One more important thing about this epoll implementation is that the timeout was implemented as a simple sleep mode. So if there weren’t any events on the sockets, epoll just slept. The good news was that adding two new events was quite easy. The bad news was that the performance of this epoll implementation was terrible.
We discovered another issue – socket leaking – when we tested our solution. In general, the main problem was in our handling. The socket could be closed only if the recv() function returned 0 or an error, but our epoll implementation returned EPOLLIN only if some information was received. So if we received a single ACK, the socket would remain open. We solved this problem by adding one more epoll event – RDHUP. After doing so, our TCP proxy performance was more or less stable.
Next, we moved on to solving the problem of saving information about connections.
Saving connection contexts
Finding the right place for cleaning up connection contexts from the global table was quite a challenge. We used data from the global table for sending packets, and that data could still be needed after closing a socket. For instance, the proxy would need to retransmit FIN if FIN wasn’t ACKed. And this meant that we couldn’t delete this information right after a socket was closed.
In order to find a solution for this problem, we performed additional research. Every TCP socket has its own TCP control block – a structure that saves important data such as socket state, sequence numbers, timers, and so on. This structure represents a TCP session in the network stack and is stored for as long as the network stack needs any information about the TCP session. This structure is deleted only after the session is closed and the processing of all timeouts and errors has finished. As a bonus, the TCP stack has access to this structure in almost every function, and if the proxy has a socket, it also can access this structure.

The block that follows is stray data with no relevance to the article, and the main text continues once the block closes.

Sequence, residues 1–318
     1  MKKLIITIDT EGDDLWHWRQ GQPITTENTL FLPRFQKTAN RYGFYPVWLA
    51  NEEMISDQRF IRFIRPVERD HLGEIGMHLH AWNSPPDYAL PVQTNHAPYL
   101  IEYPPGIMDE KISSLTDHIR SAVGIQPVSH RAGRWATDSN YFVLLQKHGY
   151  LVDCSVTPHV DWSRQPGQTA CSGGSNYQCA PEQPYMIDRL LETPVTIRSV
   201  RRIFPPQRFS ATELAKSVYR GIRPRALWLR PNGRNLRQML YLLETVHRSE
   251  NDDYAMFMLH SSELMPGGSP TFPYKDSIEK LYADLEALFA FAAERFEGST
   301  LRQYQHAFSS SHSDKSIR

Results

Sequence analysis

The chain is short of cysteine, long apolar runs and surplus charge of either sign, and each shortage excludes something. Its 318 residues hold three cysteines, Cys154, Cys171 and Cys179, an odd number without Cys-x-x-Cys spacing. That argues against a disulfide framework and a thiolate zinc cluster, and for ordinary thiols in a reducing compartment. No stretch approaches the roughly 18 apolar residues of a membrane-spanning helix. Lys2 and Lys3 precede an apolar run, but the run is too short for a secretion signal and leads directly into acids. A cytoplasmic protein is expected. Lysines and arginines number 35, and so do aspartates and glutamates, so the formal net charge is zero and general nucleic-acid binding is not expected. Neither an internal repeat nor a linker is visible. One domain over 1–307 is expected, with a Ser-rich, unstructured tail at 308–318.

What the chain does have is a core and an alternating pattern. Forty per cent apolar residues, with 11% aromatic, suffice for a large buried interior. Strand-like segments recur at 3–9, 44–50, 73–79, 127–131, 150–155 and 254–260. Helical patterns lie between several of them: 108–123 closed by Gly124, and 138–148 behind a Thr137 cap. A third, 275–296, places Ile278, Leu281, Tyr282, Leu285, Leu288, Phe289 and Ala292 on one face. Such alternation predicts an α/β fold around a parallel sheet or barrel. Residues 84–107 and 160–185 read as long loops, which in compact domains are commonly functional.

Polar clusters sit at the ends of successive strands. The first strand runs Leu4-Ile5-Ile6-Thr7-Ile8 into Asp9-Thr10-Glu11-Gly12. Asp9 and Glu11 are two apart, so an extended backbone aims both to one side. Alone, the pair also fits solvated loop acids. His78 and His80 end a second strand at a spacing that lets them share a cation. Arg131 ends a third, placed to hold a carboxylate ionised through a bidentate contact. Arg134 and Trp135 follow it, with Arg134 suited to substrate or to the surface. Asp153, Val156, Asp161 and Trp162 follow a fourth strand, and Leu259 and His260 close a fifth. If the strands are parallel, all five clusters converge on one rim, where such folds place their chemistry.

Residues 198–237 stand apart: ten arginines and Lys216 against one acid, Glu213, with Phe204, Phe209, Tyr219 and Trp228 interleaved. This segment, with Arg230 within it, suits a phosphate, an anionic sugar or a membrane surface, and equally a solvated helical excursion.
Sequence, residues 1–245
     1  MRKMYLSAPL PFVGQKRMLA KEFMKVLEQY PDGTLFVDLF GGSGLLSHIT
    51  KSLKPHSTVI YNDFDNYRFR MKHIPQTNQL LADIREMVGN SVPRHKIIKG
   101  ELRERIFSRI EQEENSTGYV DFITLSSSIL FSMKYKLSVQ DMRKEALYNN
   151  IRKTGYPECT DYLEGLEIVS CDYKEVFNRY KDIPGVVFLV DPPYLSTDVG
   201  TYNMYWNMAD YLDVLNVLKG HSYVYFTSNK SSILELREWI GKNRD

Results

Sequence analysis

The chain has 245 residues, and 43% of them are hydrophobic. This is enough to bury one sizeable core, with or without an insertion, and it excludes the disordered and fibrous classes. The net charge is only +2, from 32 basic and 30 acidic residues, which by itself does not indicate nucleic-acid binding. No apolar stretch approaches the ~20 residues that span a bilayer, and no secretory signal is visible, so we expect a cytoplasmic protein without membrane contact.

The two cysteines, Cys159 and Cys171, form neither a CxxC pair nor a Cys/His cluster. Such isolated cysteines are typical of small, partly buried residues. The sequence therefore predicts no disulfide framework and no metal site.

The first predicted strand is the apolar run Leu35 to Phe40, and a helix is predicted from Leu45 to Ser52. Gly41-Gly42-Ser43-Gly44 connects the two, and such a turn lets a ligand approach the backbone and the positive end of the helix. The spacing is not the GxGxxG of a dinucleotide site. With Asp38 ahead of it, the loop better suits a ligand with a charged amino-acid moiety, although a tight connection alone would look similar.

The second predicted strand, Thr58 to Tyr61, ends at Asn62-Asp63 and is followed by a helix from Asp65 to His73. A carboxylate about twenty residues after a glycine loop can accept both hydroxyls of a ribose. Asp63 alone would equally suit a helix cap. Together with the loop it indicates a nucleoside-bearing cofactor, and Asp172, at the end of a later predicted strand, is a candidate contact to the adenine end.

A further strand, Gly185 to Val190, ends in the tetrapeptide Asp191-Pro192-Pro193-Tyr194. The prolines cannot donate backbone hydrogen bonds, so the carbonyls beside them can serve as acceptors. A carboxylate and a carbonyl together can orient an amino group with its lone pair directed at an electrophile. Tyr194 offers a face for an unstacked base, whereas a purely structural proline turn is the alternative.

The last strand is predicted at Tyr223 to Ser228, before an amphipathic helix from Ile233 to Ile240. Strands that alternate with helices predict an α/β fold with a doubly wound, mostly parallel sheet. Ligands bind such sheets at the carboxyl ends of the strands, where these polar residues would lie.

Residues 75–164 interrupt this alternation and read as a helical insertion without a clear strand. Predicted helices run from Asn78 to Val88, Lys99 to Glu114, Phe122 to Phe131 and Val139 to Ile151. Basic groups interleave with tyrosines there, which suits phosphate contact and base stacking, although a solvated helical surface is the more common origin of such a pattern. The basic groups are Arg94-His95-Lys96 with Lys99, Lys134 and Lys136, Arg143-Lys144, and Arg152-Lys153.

So we added a structure containing information about the original connection to OFP and then added a pointer to that structure to the TCP control block. At this point, every time the proxy accepted a connection and successfully created a new socket, it added the required information to the TCP control block. And when the proxy created a new socket for an outgoing connection, it copied the data from the accepted socket so that the lower layers knew the destination.
Thus, the proxy could get the connection context anywhere and this information would be deleted only when definitely no longer needed. Plus, there was no need for the proxy to perform lookups in transparency hooks as it could use the data directly from the TCP control block.
The expanded frames problem
As we went on with our experiment, the majority of the applications worked fine, except for Sampa and iperf. These two applications refused to work on Windows, while with the Linux client we had no problems. We found the reason after some additional debugging: the processing of the expanded Ethernet frames.
The thing is that Linux uses timestamps by default and Windows doesn’t. This means that the minimum size of the L2 frame (of the TCP packet OFC) for Windows equals 58 octets (14 (Ethernet header) + 20 (IP header) + 20 (TCP header) + 4 (frame checksum)). But the minimum frame size for sending packets through Ethernet is 64 octets, meaning that this frame will be expanded.
Since Linux uses timestamps by default, the frames are always larger than 64 octets. That’s why frame processing in OFP is implemented in a pretty straightforward manner – after the processing of a header has finished, the header is dropped without any length checks, giving us only the packet payload in the end.
But in the case of Windows packets where the payload is smaller than 6 bytes, we get extra trash data. For example, when the iperf tool sends 1 byte of data, the receive function in the proxy returns 6 bytes of data. This data is then successfully forwarded further, causing errors on the iperf server side. When we added length checking before dropping the TCP header, the problem was solved.
SSL and payload corruption
Our next step was adding SSL handling. We took the basic mechanism for the interaction between OFP and SSL from the OFP Nginx implementation, which is quite similar to the wrapper implementation. Since we needed to save a lot of SSL parameters and pass them between the connections, we also had to change the connection handling.
At the testing stage, we discovered random session dropping. After some research, we learned that when overloaded, the OFP TCP stack can corrupt incoming data. The main problem was in the handling of incoming packets. We found the exact same bug in the OFP GitHub repository, and it was closed as fixed.